Recently, I had a very interesting but somewhat unpopular conversation with my staff. The topic was multi-tasking – or in this case, the inability to do so. It turns out this is hard to do in our ever changing world. There are constant interruptions and distractions that make it a challenge to keep on track. In this case, I wasn’t asking for them to build me a space ship to go out in search of the final frontier. We all just needed to step it up a bit so we could get more done. It turned into a very good dialog and it inspired me to write a blog article because there are ways to help someone who doesn’t do a good job handling more than one task at a time. We talked about some ideas and things I do personally that help me “keep 20 balls in the air.”
First off, being organized is key and much of what we talked about revolved around that topic (again, not wildly popular with said staff member). Here’s what we discussed and summarized.
1. Schedule a time to give intense or complex tasks full focus. We do a lot of programming around here and that is very intensive and complex. So I suggested setting aside a time to do those kinds of tasks and stick to it. If need be, put up a “do not disturb” sign on the door (if you have a door), or turn off your “I’m available” notice on instant messaging. The point here is make it easy on yourself to concentrate.
2. Work on one thing at a time but alternate. Even though I have lots of balls in the air, I really only work on one thing at a time. The trick is knowing which ball to grab out of the air next. If things have deadlines, they move to the top of the “task pile.” I also have the rule of “will it make me money” – which again, moves it higher in the list.
3. Eliminate unnecessary tasks – a book I read once said write 7 yellow sticky notes with the word No – then assign them to tasks. Sometimes, these are “hypothetical” stickies – by that I mean it may be an email that you are deleting and ignoring rather than responding. In essence, you are saying a “virtual” no.
4. Choose compatible tasks – if one tasks needs intense focus, don’t pair it with another task of equal need. My husband likes to read or study while listening to music. I never could do that because I get into the music so much it distracts from reading. So, to me, reading and listening to music are not compatible.
5 Choose interruptable tasks – this means doing things that can be stopped mid stream to answer the phone. Programming, by the way, is NOT one of those things. That’s why if you try to talk to a programmer while they are deep in the middle of their code, they might react like a rabid dog. Trust me on this one – I have experience.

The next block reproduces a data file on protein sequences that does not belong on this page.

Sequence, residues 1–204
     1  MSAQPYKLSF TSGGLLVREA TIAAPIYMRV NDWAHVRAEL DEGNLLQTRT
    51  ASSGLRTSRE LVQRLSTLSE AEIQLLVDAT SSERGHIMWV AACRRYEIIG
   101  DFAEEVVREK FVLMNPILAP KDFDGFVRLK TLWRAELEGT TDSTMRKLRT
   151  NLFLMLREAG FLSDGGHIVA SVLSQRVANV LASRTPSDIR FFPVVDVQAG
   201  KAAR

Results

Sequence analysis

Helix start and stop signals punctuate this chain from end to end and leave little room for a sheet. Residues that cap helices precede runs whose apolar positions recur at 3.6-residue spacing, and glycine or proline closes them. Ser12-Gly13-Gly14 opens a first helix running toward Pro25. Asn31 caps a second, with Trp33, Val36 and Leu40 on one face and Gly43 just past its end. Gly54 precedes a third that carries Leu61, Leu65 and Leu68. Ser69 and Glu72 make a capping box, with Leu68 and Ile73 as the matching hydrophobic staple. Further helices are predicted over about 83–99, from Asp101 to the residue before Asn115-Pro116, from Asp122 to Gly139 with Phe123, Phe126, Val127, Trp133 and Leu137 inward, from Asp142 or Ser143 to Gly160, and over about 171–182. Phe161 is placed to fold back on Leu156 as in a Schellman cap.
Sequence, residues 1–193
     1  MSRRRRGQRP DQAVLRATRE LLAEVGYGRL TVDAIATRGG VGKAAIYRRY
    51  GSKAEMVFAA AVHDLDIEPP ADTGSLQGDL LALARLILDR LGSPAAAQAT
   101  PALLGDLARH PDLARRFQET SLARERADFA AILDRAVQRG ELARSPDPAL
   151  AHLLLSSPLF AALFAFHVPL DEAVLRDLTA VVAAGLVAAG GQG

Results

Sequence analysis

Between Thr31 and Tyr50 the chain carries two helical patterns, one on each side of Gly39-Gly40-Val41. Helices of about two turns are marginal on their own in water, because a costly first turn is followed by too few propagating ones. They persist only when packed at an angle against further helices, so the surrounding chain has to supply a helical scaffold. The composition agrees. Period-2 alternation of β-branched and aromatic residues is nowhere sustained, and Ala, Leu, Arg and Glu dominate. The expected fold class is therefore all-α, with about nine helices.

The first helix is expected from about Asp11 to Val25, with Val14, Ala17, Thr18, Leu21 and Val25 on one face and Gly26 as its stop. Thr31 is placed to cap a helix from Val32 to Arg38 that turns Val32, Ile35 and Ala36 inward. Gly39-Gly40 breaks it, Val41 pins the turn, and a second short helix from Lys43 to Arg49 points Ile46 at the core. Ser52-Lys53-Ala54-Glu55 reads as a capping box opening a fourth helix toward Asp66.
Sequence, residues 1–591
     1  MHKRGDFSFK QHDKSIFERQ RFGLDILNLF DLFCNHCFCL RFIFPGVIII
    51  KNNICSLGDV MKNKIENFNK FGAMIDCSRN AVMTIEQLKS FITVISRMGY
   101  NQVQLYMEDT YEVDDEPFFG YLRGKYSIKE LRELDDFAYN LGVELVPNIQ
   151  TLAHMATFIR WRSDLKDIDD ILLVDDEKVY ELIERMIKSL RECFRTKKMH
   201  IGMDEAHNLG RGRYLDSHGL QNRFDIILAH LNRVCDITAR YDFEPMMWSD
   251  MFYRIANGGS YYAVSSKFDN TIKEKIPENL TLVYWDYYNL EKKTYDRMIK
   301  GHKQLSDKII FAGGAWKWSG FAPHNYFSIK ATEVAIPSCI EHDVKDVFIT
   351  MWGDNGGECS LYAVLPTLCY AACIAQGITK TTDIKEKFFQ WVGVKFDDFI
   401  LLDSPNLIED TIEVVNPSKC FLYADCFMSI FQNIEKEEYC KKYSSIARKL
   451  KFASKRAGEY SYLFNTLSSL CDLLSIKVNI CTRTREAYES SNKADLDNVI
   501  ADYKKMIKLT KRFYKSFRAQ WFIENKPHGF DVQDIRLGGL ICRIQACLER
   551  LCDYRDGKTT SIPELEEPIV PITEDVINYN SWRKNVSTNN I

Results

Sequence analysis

6. Keep smaller projects or tasks near by – do them when you are waiting on a reply for a larger project, or in our world, waiting on a really slow program installer to finish (program to remain unnamed so they don’t get grumpy with us).
7. Use wait time efficiently – keeping in mind item 6, when you are waiting on the really slow Microsoft SQL program (oops, I revealed the name…) to install, or you are waiting on Delta to once again be delayed, read those articles you put into the “read later” folder in your email. If you have a small notebook, which I do, write down ideas for future projects. iPads have become a wonderful tool for this and with aging parents, we spend more time in doctors offices – waiting and waiting and waiting – and we have discovered every one of the offices has free internet – gee what a concept. You know this is a problem and not a feature when your iPad “remembers” the offices as soon as you sit down.
8. Keep a Schedule, not a To Do list – A to do list simply reminds you that you have things to do but doesn’t set out a time to do them. It doesn’t matter if your schedule is paper or electronic, keep one and keep it visible. That same book referenced earlier – called Order from Chaos – talked about this. And the author had this mantra – plan your day, work your day, end your day – repeat. She said if you didn’t finish a project today don’t assume it will happen tomorrow because if you have done your job, you have already filled the time slots.
9. Keep your multi-tasking tools close – a friend of mine laughs at me because I can tweet so fast – I often will do that while we are chatting. It’s because she inspires me at that moment of a topic that would be a good tweet and I fire off the tweet then, while I am thinking about it – or I write it down on my “tweets for later” file. The reason I can do this quickly is one of my 3 main windows open on my computer contains Hootsuite. In fact to make it easier on myself, I only keep 3 Windows open. I do this even though I can multi-task because dozens of windows open are simply confusing and slow down my computer. FYI – my 3 windows are Chrome (which has 3 tabs open – Gmail, Hootsuite, and a search window), my email, and ACT (which runs my life). With those three things I can “own it” and do just about everything I need.
10. Take a brain reboot. I like to do a “brain reboot” by shifting from multi-tasking to doing only one thing. It may be a walk out in the yard pulling dead flowers off a bush, or simply sitting in a chair on the deck listening to birds. These aren’t long tasks – they are usually 15 to 20 minutes. But I take them every 2 to 3 hours to clear my mind. And all of them mean getting up and walking away from my desk, and the phones, and the tasks sitting there waiting for me. And I must add a little confession to this – sometimes it’s looking at Facebook – but I tend to not do that one because that could be hours and not minutes.
In summary, it is possible to multi-task. It helps to be organized. Tools help. Having enough time is essential. And you have to at least try.